Dalmasso, A.P., Vercellotti, G.M., Platt, J.L., Bach, F.H. Inhibition of complement-mediated endothelial cell cytotoxicity by decay accelerating factor. Potential for prevention of xenograft hyperacute rejection. Transplantation. 52, 530, 1991PubMedCrossRefGoogle Scholar
  17. 17.
    Baldwin, W.M., III, Pruitt, S.K., Brauer, R.B., Daha, M.R., Sanfilippo, E Complement in organ transplantation: Contributions to inflammation, injury, and rejection. Transplantation. 59, 797, 1995PubMedGoogle Scholar
  18. 18.
    Hamilton, K.K., Hattori, R., Esmon, CT., Sims, P.J. Complement proteins C5b-9 induce vesiculation of the endothelial plasma membrane and expose catalytic surface for assembly of the prothrombinase enzyme complex. Biol. Chem. 265, 3809, 1990Google Scholar
  19. 19.
    Dalmasso, A.P., Vercellotti, G.M., Fischel, R.J., et al. Mechanism of complement activation in the hyperacute rejection of porcine organs transplanted into primate recipients. Am. J. Pathol. 140, 1157, 1992PubMedGoogle Scholar
  20. 20.
    Schaapherder, A.F.M., Gooszen, H.G., Te Bulte, M.T.J.W, Daha, M.R. Human complement activation via the alternative pathway on porcine endothelium initiated by IgA antibodies. Transplantation. 60, 287, 1995PubMedCrossRefGoogle Scholar
  21. 21.
    Kroshus, T.J., Bolman, R.M., Dalmasso, A.P. Selective IgM reduction prolongs organ survival in an ex vivo model of pig-to-human xenotransplantation. Transplantation. 62, 5, 1996PubMedCrossRefGoogle Scholar
  22. 22.
    Miyagawa, S., Hirose, H., Shirakura, R., et al. The mechanism of discordant xenograft rejection. Transplantation. 46, 825, 1988PubMedCrossRefGoogle Scholar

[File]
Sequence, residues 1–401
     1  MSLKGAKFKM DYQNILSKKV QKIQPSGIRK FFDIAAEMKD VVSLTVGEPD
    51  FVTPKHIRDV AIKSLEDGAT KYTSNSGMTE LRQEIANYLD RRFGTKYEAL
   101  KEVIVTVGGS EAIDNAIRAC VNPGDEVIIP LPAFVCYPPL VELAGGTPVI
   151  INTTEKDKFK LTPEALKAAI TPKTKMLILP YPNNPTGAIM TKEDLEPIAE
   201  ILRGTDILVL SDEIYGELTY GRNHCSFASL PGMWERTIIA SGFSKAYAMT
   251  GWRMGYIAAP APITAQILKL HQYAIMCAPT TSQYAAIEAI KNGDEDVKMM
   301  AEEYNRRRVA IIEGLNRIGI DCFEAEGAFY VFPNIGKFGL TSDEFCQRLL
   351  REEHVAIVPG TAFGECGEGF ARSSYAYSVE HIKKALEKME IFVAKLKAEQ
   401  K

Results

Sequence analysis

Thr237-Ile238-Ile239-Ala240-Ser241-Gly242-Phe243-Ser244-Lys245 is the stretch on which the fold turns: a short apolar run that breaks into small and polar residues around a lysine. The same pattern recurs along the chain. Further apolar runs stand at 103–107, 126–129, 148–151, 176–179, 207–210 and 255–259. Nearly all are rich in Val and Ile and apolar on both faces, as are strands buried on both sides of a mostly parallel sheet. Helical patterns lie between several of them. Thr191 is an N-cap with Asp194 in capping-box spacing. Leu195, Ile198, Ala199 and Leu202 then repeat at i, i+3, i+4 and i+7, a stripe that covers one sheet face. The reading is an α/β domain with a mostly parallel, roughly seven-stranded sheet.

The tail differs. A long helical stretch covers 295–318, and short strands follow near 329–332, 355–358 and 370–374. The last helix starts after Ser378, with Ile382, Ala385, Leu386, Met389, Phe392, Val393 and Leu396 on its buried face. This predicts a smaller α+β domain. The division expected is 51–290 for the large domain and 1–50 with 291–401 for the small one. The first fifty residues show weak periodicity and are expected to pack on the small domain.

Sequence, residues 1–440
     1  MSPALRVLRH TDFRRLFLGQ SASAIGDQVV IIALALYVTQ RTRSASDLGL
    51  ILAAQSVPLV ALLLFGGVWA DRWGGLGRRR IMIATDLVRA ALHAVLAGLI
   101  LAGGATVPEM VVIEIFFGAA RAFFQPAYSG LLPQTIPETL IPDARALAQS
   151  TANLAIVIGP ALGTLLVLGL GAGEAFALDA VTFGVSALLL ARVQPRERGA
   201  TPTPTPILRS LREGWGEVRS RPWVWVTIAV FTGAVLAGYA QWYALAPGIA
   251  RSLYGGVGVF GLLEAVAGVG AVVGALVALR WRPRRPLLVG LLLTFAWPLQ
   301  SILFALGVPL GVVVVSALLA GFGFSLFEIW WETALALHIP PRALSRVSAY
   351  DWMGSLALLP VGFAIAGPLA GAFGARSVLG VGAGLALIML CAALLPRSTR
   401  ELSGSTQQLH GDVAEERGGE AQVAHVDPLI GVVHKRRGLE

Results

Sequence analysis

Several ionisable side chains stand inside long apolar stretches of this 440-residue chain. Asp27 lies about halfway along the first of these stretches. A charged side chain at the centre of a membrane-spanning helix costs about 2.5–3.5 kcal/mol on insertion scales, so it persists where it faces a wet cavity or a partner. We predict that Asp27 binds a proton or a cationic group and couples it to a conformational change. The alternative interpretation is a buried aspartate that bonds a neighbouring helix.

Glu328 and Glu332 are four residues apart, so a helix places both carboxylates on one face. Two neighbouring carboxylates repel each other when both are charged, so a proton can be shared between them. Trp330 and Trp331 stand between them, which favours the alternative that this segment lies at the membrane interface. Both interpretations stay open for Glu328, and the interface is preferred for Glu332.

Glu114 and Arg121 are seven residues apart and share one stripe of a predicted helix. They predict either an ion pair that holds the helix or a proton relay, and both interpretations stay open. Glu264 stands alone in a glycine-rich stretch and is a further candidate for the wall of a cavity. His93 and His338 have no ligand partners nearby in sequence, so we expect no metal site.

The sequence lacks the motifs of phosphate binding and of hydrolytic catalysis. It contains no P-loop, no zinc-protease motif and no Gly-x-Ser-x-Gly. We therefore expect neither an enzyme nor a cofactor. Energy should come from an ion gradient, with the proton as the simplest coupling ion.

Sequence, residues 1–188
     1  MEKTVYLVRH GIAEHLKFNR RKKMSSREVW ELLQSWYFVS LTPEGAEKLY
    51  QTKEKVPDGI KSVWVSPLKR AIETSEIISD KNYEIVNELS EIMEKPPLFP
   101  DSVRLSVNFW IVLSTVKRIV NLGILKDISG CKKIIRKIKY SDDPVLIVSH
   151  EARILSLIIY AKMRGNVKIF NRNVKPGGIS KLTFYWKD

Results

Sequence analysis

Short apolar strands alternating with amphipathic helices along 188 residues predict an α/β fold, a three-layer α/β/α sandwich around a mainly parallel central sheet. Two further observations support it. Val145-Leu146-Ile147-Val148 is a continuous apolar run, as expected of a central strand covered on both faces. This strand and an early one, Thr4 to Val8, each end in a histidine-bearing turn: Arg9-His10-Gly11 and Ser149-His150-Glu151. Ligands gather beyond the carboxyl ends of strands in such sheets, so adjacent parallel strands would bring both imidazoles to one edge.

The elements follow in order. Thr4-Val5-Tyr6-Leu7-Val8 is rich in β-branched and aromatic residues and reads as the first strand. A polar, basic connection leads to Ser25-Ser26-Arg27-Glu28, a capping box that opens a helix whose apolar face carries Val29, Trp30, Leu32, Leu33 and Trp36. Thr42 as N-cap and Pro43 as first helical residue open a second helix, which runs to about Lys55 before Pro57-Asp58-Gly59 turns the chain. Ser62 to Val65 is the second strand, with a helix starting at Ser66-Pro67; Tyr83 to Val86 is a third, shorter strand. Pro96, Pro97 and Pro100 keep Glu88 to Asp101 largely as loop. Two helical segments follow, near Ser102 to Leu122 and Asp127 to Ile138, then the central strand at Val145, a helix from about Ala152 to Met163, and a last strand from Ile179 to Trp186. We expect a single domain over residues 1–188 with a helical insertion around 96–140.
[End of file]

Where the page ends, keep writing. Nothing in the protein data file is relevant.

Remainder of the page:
23. 23.
    Gambiez, L., Weill, B.J., Chereau, C, Calmus, Y., Houssin, D. The hyperacute rejection of guinea pig to rat heart xenografts is mediated by preformed IgM. Transplant. Proc. 22, 1058, 1990Google Scholar
  24. 24.
    Johnston, P.S., Lim, S.M.L., Wang, M.W., Wright, L., White, D.J.G. Hyperacute rejection of xenografts in the complete absence of antibody. Transplant. Proc. 23, 877, 1991PubMedGoogle Scholar
  25. 25.
    Hancock, W.W., Rajasinghe, H.A., Reddy, V.M., et al. Correction of congenital cardiac defects by fetal or neonatal discordant xenografting: initial results and key role of activation of the alternative pathway of complement. Abs. 3rd. Internat. Congr. Xeno-transplant. P041, 1995Google Scholar
  26. 26.
    Jefferson, K.P., Tyerman, K.S., McLeish, M., Collier, D.S.J., Thiru, S. Donor Pretreatment prolongs survival of discordant xenografts. Transplant. Proc. 23, 2280, 1991PubMedGoogle Scholar
  27. 27.
    Leventhal, J.R., Dalmasso, A.P., Cromwell, J.W., et al. Prolongation of cardiac xenograft survival by depletion of complement. Transplantation. 55, 857, 1993PubMedCrossRefGoogle Scholar
  28. 28.
    Leventhal, J.R., Matas, A.J., Sun, L.H., et al. The immunopathology of cardiac xenograft rejection in the guinea pig-to-rat model. Transplantation. 56, 1, 1993PubMedCrossRefGoogle Scholar
  29. 29.
    Leventhal, J.R., Sakiyalak, P., Witson, J., et al. The synergistic effect of combined antibody and complement depletion on discordant cardiac xenograft survival in nonhu-man primates. Transplantation. 57, 974, 1994PubMedCrossRefGoogle Scholar
  30. 30.
    Chartrand, C, O’Regan, S., Robitaille, R, Pinto-Blonde, M. Delayed rejection of cardiac xenografts in Co-deficient rabbits. Immunology. 38, 245, 1979PubMedGoogle Scholar
  31. 31.
    Zhow, X.J., Niesen, N., Pawlowski, I., et al. Prolongation of survival of discordant kidney xenografts by C6 deficiency. Transplantation. 50, 896, 1990PubMedCrossRefGoogle Scholar
  32. 32.
    Brauer, R.B., Baldwin, W.M.I., Daha, M.R., Pruitt, S.K., Sanfilippo, F. Use of Co-deficient rats to evaluate the mechanism of hyperacute rejection of discordant cardiac xenografts. J. Immunol. 151, 7240, 1993PubMedGoogle Scholar
  33. 33.
    Johnson, E.M., Leventhal, J., Dalmasso, A.R, et al. Inactivation of C3 and C5 prolongs cardiac xenograft survival and decreases leukocyte infiltration in a model of delayed xenograft rejection. Transplant. Proc. 28, 603, 1996PubMedGoogle Scholar
  34. 34.
    Büchner, B., Schraa, E.O., Bonthuis, R, et al. Beneficial effect of complement depletion and treatment with dexamethasone in discordant xenografting. Abs. 3rd. Internat. Congr. Xenotransplant. Po81, 1995Google Scholar
  35. 35.